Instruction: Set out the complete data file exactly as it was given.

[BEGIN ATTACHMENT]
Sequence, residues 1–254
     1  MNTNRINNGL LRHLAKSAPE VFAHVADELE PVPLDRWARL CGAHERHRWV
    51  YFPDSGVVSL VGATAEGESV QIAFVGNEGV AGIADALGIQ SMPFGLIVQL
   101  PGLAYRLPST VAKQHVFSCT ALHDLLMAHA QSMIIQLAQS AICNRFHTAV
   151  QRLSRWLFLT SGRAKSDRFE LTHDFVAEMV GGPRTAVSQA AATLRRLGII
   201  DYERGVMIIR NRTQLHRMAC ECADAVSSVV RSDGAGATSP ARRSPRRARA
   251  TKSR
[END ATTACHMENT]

Sequence, residues 1–254
     1  MNTNRINNGL LRHLAKSAPE VFAHVADELE PVPLDRWARL CGAHERHRWV
    51  YFPDSGVVSL VGATAEGESV QIAFVGNEGV AGIADALGIQ SMPFGLIVQL
   101  PGLAYRLPST VAKQHVFSCT ALHDLLMAHA QSMIIQLAQS AICNRFHTAV
   151  QRLSRWLFLT SGRAKSDRFE LTHDFVAEMV GGPRTAVSQA AATLRRLGII
   201  DYERGVMIIR NRTQLHRMAC ECADAVSSVV RSDGAGATSP ARRSPRRARA
   251  TKSR